QUSRA, Occupied Palestine 3 Feb by ISM, Nablus Team — In the early morning of February 2nd, 2015, Israeli forces demolished a two-room structure, a water well, and damaged a stone wall in Qusra, Occupied West Bank. All of the destroyed property was on land belonging to brothers Anwar and Akram Tayseer. Israeli forces, at approximately 5:00am, destroyed the property with bulldozers. When farmers went out into their fields at 5:00am, five Israeli military jeeps were still present at the site, loitering around the recently destroyed infrastructure. The occupying forces refused to speak with anyone. The water well and small concrete structure were built with money donated by the French Consulate, to facilitate agricultural development in the vulnerable region. Located in Area C, Qusra is subject to common attacks from nearby illegal Israeli settlements, mainly the Esh Kodesh outpost. Settlers living in the illegal outpost Esh Kodesh have been implicated in various ´price tag´ attacks throughout the West Bank (acts of violence against Palestinians by settlers). Settlers come after every time local Palestinians work their land, in day or night, sometimes armed with iron bars; families often wake up to destroyed trees, structures, or crops. Israeli soldiers are often present at these incidents, intervening only to protect settlers … This is not the first time the Tayseer family’s land has been attacked by settlers. On one occasion two years ago, Akram Tayseer was taken by the settlers, and severely beaten. He sustained injuries which put him in the hospital for two months, in his head, face, and arm. He was unable to leave his home for one year. Since this incident, residents recount that they have not seen him smile, and perceive that he is broken inside. The family has documents indicating their ownership of the land and the property which once stood on it. The cost of agricultural structure demolished is approximately 5000 NIS (~$1275USD). The water well served as a collection site, and an important reservoir to nourish the fields. Enclosing the plots of land, around 500 meters of a traditional Palestinian stone wall was dismantled. The fields are the main source of income for the family.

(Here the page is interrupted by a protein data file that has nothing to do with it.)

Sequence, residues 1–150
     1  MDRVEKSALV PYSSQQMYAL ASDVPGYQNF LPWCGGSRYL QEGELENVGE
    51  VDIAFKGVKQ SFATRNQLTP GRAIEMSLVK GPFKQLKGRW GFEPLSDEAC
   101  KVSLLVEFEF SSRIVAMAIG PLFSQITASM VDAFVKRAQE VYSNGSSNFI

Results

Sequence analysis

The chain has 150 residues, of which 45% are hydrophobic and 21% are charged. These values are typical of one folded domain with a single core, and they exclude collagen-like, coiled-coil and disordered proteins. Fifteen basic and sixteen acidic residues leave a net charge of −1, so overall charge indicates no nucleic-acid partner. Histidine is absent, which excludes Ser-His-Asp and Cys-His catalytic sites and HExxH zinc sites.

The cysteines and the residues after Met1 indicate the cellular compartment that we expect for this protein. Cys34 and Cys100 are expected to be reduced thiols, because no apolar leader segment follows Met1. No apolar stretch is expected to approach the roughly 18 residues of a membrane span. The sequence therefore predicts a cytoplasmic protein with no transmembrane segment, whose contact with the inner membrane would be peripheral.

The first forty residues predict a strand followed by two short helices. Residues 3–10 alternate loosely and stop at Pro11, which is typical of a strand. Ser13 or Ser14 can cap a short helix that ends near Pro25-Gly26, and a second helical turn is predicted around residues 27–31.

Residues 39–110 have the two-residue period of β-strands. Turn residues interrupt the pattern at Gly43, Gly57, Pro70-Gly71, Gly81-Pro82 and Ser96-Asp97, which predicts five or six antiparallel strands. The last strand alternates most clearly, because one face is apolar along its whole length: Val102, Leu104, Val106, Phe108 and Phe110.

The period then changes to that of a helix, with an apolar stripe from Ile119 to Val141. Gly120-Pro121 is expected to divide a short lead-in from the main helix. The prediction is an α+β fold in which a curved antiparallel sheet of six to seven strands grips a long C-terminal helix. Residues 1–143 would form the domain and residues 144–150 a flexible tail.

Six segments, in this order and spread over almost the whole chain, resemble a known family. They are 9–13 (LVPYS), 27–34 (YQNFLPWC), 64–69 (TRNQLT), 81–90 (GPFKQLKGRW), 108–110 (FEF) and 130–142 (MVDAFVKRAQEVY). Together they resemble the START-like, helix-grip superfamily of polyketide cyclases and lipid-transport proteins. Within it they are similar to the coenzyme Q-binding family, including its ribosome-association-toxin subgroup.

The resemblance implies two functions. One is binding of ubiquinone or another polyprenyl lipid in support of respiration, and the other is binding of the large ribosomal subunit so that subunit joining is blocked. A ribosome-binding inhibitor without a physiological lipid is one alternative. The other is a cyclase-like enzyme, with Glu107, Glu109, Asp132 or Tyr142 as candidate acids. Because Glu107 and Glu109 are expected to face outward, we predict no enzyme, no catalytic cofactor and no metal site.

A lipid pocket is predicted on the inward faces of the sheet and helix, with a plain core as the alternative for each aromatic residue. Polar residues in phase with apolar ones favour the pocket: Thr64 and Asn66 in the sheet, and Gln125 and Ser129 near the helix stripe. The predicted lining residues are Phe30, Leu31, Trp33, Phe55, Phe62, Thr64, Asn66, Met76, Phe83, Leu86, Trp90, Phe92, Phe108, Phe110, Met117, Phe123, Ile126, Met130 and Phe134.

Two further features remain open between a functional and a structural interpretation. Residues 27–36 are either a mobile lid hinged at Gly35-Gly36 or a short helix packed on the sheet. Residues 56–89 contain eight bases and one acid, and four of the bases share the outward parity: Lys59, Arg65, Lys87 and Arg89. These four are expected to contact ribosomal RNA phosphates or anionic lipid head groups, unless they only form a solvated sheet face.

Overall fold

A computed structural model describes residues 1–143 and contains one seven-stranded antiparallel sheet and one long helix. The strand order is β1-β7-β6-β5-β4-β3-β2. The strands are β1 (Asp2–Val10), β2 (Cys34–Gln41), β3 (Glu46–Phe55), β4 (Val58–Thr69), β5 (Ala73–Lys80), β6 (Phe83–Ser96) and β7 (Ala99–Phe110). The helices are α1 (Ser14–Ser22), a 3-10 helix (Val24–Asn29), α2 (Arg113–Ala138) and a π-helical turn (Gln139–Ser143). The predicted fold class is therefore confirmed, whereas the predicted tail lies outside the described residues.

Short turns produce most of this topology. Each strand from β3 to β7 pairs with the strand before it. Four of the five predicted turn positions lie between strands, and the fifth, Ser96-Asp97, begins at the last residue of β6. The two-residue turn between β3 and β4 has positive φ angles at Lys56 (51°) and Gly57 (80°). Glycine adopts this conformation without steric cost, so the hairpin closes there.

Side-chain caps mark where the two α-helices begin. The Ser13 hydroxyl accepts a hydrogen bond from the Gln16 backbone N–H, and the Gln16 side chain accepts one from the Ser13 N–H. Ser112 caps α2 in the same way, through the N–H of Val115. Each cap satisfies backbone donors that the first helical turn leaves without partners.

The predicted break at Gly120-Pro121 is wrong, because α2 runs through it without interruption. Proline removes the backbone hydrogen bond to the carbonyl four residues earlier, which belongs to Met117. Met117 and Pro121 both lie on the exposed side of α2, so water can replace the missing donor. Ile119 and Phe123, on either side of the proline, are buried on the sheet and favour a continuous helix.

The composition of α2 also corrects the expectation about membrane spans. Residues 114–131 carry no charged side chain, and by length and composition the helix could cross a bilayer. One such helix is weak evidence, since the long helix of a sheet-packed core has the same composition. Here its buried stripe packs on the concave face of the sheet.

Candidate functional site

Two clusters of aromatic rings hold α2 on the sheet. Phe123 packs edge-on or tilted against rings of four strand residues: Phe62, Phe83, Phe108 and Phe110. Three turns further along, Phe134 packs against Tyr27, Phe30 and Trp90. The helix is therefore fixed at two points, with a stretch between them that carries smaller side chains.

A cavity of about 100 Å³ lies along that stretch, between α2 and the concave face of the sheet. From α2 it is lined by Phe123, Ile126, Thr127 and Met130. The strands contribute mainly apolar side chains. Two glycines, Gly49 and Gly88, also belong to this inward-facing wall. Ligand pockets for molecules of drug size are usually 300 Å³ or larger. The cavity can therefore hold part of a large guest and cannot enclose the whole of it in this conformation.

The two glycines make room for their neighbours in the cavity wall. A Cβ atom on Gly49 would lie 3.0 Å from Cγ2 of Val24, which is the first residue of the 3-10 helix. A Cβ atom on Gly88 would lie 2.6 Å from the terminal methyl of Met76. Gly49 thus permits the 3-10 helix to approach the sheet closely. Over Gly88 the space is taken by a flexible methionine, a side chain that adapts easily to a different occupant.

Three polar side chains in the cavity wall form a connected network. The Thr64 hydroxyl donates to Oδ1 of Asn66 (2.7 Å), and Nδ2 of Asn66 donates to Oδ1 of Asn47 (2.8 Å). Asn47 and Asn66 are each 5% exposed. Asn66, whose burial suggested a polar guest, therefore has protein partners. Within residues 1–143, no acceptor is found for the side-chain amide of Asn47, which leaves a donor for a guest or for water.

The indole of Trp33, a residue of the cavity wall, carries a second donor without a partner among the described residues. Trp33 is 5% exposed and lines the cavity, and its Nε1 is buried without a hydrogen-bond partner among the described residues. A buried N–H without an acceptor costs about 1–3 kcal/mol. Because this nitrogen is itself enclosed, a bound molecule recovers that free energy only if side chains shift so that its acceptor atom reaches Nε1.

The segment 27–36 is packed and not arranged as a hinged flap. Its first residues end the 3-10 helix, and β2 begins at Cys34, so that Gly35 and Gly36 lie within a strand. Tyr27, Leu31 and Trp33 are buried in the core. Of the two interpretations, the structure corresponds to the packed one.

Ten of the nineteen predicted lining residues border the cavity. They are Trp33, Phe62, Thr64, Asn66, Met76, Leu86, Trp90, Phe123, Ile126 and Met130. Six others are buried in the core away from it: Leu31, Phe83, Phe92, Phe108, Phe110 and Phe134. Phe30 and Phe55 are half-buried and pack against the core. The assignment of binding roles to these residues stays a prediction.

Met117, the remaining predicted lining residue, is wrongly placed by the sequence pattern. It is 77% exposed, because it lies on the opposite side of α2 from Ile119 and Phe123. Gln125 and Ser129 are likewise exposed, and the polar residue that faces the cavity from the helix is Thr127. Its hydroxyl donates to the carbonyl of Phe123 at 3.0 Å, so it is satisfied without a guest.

Israel’s road signs policy ‘erases memory of place’